Dorset’s progressive masters “Galahad” return with their twelfth studio offering entitled “The Long Goodbye”. The album was recorded during the same sessions of the band’s last release “The Last Great Adventurer” before, during and after the recent Covid pandemic. The album features Stu Nicholson (vocals), Dean Baker (keyboards) and Spencer Luckman (drums), Lee Abraham (guitars) and Mark Spencer (bass guitar). The album once again was created with the help of engineer/producer extraordinaire Karl Groom who edited, mixed and mastered this new creation. Lead singer Stu explains “The Long Goodbye’ has a crisp and clear contemporary production but still includes a variety of influences including a few nods to the band’s progressive heritage, particularly the epic closing title track in which the ageing process and the difficult and tricky subject of early onset dementia is tackled – hopefully with a certain degree of poignancy”.

Track One
This opus opens with “Behind the Veil of a Smile”, a track about toxic friendships or rather when friendships sadly go wrong that do not really need to but sadly, there seems to be no way back. As we have come to expect from Galahad the instrumentation has been carefully constructed, with sweeping atmospheric synths and electronic rhythms. This along with Stu’s strong ever-present vocals taking us through the ebbs and flows of some powerfully created lyrics that lay down expectations for the rest of the tracks ahead.

Track Two
“Everything’s Changed” engages Lee’s guitar and Dean’s keys to create a Rockier feel, along with some significant rhythms that power the song through its many clear twists and turns. The songs subject matter is all about misunderstandings in relationships and how they can affect and cause problems, often inadvertently.

Track Three
Stu explains “Shadow in the Corner” “is about the idea of having perhaps another version of oneself in the background; guiding in some way and keeping things on track, but it’s also about the feeling that there is someone or something there in the background pulling the strings other than the physical version of yourself”. Almost like a spirit guide helping us tackle all that this challenging life must throw at us. The song has a much darker feel to it than the first two, with electric guitar powering us through reminding me of the 1990’s classic Flowered Up “Weekender” a little and it also has an impressive solo to look forward to part way through. There is also some intricate creative drumming to savour; in many cases drummers get taken for granted, it’s worth taking time to listen out for Spencer’s quality work here and throughout the rest of the album.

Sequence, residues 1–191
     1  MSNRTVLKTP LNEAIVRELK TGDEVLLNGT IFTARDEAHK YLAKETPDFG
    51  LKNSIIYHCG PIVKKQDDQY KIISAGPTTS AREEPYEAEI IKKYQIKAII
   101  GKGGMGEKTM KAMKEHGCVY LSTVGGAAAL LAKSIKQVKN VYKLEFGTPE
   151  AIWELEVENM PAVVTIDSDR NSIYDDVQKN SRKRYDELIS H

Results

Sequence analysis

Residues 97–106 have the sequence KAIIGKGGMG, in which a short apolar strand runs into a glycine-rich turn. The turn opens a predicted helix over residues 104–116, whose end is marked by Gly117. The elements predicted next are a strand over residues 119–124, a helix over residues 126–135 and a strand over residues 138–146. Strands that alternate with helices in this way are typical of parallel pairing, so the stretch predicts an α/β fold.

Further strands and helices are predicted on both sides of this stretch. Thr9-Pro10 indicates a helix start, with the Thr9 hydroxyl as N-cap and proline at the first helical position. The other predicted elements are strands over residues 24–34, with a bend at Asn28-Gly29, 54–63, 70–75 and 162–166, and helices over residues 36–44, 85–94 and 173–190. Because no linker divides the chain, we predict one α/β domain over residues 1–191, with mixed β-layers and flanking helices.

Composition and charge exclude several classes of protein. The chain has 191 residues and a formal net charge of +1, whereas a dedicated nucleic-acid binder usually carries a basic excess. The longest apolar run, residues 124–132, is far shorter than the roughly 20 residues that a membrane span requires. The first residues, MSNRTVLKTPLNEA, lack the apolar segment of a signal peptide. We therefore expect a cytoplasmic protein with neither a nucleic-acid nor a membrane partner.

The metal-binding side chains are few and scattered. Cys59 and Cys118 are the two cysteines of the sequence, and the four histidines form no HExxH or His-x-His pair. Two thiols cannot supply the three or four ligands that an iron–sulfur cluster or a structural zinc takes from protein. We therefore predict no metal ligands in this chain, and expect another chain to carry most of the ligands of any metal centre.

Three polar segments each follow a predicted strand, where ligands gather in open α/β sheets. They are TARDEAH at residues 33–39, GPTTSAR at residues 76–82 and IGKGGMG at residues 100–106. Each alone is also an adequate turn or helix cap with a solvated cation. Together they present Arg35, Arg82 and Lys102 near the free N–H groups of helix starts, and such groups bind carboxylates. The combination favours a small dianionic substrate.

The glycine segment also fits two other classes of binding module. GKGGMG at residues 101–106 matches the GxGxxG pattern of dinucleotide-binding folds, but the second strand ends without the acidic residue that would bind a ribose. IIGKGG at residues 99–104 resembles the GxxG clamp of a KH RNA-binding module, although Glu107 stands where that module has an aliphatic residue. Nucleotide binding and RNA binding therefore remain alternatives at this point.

Track Four
Galahad lyrically are a band that never hold back with their thoughts and feelings and over the years the lyrics have taken us to many varied places and have also educated their audiences on a great many subjects. “The Righteous and the Damned” was inspired a few years ago when conflict in the Middle East (Iran/Iraq etc.) was constantly in the headlines. Stu explains “the twist is that it’s also questioning; in a pretty basic way to be honest, the role of European nations in the troubles as it was the UK, France and Russia that carved up the Middle East early in the 20th century. Literally using straight lines, effectively inventing nation states that didn’t exist beforehand; forcing many different ethnic/religious groups to live in and share the same territories which inevitably caused friction as time went on. Plus; moving forward into modern times it is as if the likes of Russia and USA and smaller players like the UK, France etc. have been using the Middle East as some kind of testing ground for all their modern weapon technology”.

The track is one that once you listen to it you will never forget it. The band have certainly created a masterpiece here, it smoulders slowly at the start with Stu singing what sounds like a Jewish Folk song. After about two and half minutes of his Folkish crooning, this then takes a decidedly different path with some much heavier guitar sounds and hard hit rhythms with Galahad exploring areas they have never covered before. There is a feeling that Stu is taking his inner Serj Tankian, especially with the “Lies Lies Lies” section of the lyrics. The song also dives back to the 2007 Galahad album “Empires Never Last” and the lyrics “always remember empires never last, they always crumble and fall” fit in perfectly with the track’s theme. It is a great nod back to the past and an excellent Easter Egg for long term fans to enjoy. It is an ambitious track with plenty to offer and once again these five guys, along with Karl Groom’s quality production, show themselves that they are more than capable of pushing their creative envelope. The vast majority of Galahad have copious amounts of Dean Baker talent and for once it is nice of them on this one to give the over-worked chap a bit of a rest.